Boeing poised for critical 737 Max flight tests on Monday

The Boeing 737 MAX has been grounded since March 2019 following two deadly crashes

On Sunday, the FAA confirmed to US lawmakers that an agency board has completed a review of the 737 MAX planes, clearing Boeing to begin flying them for certification testing.

An aerial photo shows Boeing 737 MAX airplanes parked at the Boeing Factory in Renton, Washington, US, March 21, 2019.

Reuters cited two people briefed of the matter as saying that a certification flight test, which is expected to last at least two days, could begin as early as Tuesday, but still hasn't been finalized.

The planes were grounded worldwide after two fatal crashes that were blamed on the flight control software.

United States regulators are getting close to undertaking a test flight of Boeing's grounded 737 MAX and could schedule the key step for as soon as next week, two sources said Friday. Boeing's worst crisis in its corporate history has been compounded by the Covid-19 pandemic that brought the travel industry to a grinding halt and dented aircraft demand.

After a preflight briefing over several hours, the crew will board a 737 MAX 7 outfitted with special test equipment at Boeing Field near Seattle, one of the people said.

The flight plan may also include touch-and-go landings at the eastern Washington airport in Moses Lake and a path over the Pacific Ocean coastline, adjusting the course as needed for weather conditions and other factors, one source said.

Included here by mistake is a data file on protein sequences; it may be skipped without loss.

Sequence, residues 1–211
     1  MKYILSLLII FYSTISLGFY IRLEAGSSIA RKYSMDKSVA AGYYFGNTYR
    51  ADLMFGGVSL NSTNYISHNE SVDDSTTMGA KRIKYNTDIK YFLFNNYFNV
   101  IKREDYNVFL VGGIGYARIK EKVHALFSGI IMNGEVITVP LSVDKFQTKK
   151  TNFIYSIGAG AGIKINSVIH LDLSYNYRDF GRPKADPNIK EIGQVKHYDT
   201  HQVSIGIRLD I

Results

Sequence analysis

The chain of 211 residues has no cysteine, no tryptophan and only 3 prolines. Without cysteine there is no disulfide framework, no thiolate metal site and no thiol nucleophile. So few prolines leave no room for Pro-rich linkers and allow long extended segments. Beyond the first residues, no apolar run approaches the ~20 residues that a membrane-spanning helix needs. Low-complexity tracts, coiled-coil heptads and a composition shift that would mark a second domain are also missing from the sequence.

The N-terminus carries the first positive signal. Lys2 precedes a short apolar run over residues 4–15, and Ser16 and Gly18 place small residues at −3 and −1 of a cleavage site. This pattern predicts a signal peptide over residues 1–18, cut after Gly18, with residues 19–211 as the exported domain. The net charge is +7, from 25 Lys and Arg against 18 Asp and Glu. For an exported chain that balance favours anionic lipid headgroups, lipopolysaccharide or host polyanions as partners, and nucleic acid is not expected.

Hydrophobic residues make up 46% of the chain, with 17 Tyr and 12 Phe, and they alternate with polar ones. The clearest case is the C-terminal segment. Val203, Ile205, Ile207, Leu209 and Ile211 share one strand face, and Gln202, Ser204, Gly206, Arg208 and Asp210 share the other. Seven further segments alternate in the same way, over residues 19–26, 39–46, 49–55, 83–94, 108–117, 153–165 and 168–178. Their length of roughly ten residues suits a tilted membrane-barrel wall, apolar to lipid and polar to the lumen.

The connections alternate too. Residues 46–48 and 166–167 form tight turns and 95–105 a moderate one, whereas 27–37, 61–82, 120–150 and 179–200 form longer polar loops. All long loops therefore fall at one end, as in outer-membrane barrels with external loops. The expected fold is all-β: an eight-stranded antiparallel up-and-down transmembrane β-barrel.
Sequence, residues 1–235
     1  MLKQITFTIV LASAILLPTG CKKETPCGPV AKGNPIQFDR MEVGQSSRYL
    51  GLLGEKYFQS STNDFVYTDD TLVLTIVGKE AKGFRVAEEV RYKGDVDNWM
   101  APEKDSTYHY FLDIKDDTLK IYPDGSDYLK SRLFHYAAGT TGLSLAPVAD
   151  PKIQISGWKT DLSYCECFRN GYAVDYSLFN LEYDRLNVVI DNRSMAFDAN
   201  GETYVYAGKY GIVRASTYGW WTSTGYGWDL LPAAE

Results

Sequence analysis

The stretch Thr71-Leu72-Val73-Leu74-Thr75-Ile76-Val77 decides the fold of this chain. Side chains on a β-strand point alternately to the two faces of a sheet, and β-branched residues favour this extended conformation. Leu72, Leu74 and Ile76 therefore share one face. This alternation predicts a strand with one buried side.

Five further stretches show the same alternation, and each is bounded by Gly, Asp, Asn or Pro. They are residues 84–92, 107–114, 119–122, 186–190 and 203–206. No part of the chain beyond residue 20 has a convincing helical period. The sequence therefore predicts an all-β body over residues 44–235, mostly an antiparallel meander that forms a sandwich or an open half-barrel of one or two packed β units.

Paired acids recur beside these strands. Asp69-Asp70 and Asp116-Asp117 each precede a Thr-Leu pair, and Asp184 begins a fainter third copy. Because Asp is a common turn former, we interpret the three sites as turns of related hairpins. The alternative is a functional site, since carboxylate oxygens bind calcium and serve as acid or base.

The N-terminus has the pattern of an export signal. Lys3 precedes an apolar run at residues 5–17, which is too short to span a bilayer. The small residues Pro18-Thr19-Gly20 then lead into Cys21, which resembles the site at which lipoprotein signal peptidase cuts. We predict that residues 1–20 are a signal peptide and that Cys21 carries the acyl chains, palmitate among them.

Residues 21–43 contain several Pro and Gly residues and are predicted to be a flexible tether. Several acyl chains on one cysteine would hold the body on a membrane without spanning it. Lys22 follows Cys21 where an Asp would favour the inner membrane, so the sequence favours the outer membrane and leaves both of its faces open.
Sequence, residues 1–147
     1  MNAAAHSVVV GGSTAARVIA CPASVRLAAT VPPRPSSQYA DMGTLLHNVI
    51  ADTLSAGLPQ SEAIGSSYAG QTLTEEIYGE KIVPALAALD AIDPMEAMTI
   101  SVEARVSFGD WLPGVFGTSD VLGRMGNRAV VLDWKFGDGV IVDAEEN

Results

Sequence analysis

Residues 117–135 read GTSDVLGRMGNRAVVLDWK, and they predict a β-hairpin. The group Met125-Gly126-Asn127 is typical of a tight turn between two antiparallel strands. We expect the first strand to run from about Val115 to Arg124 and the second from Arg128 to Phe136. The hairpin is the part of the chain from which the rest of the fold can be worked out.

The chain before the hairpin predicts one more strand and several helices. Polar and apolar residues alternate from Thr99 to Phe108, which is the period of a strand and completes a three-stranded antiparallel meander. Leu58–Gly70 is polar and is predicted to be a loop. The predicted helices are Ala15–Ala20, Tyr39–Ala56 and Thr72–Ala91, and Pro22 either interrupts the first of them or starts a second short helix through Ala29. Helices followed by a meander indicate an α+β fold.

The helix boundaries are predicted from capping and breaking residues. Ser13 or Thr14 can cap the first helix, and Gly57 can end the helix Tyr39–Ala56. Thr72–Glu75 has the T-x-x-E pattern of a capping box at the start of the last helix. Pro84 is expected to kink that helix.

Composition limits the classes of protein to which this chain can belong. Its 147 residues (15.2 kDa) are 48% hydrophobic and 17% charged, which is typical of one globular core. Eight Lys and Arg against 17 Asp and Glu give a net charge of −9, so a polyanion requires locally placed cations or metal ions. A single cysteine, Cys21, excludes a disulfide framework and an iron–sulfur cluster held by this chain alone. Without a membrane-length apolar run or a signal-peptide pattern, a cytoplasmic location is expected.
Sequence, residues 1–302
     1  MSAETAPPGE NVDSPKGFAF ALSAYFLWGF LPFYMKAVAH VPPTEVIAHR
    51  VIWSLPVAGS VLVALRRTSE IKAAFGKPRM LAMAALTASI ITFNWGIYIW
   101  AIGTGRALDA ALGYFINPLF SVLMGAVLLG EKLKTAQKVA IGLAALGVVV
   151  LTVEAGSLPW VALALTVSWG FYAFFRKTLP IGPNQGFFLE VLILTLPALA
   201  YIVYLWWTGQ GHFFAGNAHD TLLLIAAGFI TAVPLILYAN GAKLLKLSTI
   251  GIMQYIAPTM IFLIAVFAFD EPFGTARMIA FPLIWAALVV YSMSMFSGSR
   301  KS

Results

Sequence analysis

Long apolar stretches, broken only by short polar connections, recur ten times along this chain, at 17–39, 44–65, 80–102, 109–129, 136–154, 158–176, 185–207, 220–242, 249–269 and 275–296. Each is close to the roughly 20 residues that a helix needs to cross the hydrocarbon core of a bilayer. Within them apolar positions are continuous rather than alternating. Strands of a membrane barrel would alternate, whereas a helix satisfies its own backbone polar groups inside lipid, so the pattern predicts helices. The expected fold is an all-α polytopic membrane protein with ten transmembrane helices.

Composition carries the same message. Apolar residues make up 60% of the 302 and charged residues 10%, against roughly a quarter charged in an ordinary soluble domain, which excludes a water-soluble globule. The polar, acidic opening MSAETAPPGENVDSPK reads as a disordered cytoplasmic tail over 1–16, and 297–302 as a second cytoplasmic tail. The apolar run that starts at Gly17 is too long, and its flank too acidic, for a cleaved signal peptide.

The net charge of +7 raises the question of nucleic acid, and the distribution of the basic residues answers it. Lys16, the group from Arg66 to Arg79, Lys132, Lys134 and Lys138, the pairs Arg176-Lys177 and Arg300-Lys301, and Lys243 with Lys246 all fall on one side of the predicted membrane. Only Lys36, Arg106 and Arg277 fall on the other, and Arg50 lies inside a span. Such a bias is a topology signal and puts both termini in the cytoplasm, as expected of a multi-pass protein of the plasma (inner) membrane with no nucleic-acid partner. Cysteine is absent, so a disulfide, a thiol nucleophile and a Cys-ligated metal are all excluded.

In an email to Congress, the FAA said its Type Inspection Authorization (TIA) Board had completed its review "clearing the way for flight certification testing to begin".

The crashes cost the American passenger jet manufacturer billions of dollars and led to the resignation of its former chief executive Dennis Muilenburg, who repeatedly gave overly optimistic predictions of when the plane could return to service.

The flight tests are aimed at ensuring the new updates that Boeing made to the MCAS are sufficient to prevent the scenarios that pilots on the crash flights encountered. The clearance for these test flights is on schedule for when Boeing had previously announced they expected to be able to back up in the air.

The FAA would then need to approve new pilot training procedures and complete other steps, leading to the plane's potential ungrounding in September, the British news agency said.

That means the jet is on a path to resume US service before year-end, though the process has been plagued by delays for more than a year.

Regulators in Europe and Canada, while working closely with the FAA, will also conduct their own assessments and have pinpointed concerns that go beyond the FAA.

"Boeing continues to work diligently to support the safe return of the 737 Max to commercial service".

"This is new territory", said one industry source with knowledge of prior Boeing tests.



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